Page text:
Perry Farrell wants you to see the vibrancy of Southeast Asia through his eyes and experience the magic and mystic of the region’s music, food and culture.
Farrell is one several creative forces behind Kind Heaven, a new immersive entertainment property set to open in 2019 that transports visitors to Southeast Asia without having to leave the Las Vegas Strip. The $90 million project developed in conjunction with Caesars Entertainment and Immersive Artistry’s Cary Granat combines film and holographic special effects to recreate streetscapes and holy temples in Thailand, Vietnam, Nepal and Hong Kong. Granat was founder and former CEO of Walden Media, which produced the Chronicles of Narnia film series and is former president and COO of Miramax/Dimension Films.
“You start the experience by boarding a train near Caesars that takes you to Bangkok at one in the morning,” Granat explains. “You’re walking through actual night markets, buying food, getting all the scents and smells. And then you go through a forest and experience the beauty of Katmandu in Nepal. It’s really the best of South East Asia combined with incredible music from 130 artists.”
Farrell, frontman for Jane’s Addiction and Porno for Pyros and creator of Lollapalooza, is developing the audio soundscape for Kind Heaven, curating different musical experiences as visitors journey through different environments — from dark and mysterious back alleys to a forest temple and beautiful sanctuary.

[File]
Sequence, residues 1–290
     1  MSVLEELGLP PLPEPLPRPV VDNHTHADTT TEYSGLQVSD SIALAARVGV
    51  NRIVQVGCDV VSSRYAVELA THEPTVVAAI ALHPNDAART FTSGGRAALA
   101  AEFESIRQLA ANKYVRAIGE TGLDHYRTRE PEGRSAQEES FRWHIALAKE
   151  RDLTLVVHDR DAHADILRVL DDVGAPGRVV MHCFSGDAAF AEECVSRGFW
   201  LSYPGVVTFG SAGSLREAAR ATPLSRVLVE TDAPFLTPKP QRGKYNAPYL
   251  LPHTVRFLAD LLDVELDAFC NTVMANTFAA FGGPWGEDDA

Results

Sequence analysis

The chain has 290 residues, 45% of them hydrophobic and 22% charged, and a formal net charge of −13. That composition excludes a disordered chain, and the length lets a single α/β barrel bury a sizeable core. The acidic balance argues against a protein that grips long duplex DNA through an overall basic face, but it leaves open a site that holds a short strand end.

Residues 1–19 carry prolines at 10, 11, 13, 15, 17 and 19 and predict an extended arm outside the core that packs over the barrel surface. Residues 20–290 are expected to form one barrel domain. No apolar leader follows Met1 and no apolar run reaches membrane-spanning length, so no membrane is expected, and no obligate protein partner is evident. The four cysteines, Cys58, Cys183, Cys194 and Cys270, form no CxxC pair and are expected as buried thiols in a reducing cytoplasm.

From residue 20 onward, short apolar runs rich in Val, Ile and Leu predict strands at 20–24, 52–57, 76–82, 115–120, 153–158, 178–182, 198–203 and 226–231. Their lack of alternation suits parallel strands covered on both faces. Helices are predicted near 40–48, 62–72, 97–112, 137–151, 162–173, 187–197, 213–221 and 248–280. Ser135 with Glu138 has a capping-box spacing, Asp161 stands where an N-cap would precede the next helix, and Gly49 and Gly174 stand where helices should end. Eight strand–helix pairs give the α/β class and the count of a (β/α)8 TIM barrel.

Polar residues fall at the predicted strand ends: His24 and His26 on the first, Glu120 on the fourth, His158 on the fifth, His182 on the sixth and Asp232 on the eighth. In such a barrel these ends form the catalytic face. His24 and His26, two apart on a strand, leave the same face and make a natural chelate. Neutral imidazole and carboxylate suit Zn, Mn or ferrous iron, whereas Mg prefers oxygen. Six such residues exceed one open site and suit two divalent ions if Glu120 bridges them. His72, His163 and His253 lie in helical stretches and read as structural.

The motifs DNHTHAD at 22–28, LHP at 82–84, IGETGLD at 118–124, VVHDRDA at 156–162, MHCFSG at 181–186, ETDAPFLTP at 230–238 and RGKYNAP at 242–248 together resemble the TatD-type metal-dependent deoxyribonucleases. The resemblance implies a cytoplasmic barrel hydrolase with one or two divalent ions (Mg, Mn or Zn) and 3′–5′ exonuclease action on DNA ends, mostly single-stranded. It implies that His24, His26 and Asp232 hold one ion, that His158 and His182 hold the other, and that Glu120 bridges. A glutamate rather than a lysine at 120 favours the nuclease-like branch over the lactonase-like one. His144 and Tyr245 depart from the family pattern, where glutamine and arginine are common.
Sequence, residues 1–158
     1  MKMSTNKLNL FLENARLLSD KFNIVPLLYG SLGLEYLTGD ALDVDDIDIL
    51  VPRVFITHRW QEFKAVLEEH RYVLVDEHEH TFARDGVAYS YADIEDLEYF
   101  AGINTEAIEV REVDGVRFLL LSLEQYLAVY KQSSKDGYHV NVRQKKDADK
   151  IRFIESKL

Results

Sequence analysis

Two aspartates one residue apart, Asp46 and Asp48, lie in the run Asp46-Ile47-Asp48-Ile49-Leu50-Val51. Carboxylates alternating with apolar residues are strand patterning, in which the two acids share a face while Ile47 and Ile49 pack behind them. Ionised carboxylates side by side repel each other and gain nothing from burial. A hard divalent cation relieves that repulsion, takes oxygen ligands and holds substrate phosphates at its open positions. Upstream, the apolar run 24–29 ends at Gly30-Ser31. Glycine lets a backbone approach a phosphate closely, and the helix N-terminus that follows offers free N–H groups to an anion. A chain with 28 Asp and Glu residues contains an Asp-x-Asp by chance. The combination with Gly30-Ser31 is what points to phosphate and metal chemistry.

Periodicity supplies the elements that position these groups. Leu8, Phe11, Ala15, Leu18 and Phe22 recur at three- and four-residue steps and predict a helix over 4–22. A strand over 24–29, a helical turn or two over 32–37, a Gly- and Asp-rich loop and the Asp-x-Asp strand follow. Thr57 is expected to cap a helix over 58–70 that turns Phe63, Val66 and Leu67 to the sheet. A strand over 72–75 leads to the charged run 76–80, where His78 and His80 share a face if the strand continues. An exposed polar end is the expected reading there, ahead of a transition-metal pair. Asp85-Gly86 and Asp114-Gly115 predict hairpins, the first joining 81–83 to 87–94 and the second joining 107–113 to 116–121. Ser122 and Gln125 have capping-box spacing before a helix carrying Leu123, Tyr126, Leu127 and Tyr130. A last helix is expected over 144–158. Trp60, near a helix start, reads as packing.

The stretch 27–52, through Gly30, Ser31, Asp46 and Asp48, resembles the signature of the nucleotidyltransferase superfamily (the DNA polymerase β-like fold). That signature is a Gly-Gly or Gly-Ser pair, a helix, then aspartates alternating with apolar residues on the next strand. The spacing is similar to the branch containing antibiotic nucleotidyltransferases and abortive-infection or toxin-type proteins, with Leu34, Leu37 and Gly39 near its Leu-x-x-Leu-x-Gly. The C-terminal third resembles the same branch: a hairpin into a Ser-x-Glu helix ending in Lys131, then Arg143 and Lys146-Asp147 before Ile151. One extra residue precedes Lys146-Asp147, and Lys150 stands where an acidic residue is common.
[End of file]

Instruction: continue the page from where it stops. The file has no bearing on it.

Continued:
Farrell has brought on visual effects pioneer Ed Jones, who worked on Star Wars’ The Empire Strikes Back, Return of the Jedi, Indiana Jones and E.T. to help develop the multi-sensory experience, which is part film and part theme park that’s family-friendly by day and adult’s only at night. Billboard caught up with Farrell after announcing the project at a press conference on Tuesday to learn more about his ground-breaking new venture.
Walk us through your vision for Kind Heaven.
I describe it as an immersive entertainment complex. It doesn’t have chairs like a traditional theater. We have stages within the complex for music and other types of entertainment, but you’re basically walking through a 90-minute show routed in mythology and original content. When you’re within the complex, you’re free to roam around and discover hidden alleyways, visit nightclubs and eat from Hong Kong-style street food vendors. There will be improvisational actors, musicians, acrobats and comedians, combining elements of sensuality and espionage into an experience that will be a first of its kind.
How are you utilizing wearable technology at Kind Heaven?
We’ll outfit visitors with a variety of RFID devices to create a cashless environment to shop and eat without taking out your wallet. And we’ll accept cryptocurrencies and all different kinds of payments. So you can walk into a jewelry boutique or noodle house and your wristband will keep track of purchases.
Kind Heaven is utilizing all kinds of visual effects and visual technology. Tell us about some of the things your special effects team is working on.
We’ve partnered with Ed Jones who has won several Academy Awards for special effects. There’ll be hologram and automated animals, but we will not have succeeded if you notice the technology. We want Kind Heaven to be an experience that you don’t notice anything is synthetic. Everything should feel to you like you’re actually in Southeast Asia.
How does Kind Heaven change at night?
There’s two different experiences — one for families in the day and one for adults only at night. So during the day you can learn more about the traditions and cultures of Southeast Asia, then in the evening it becomes an adults-only experience with street walkers, nightclubs and sake bombs. Anyone who has traveled to Hong Kong knows it’s a much different city when the sun goes down.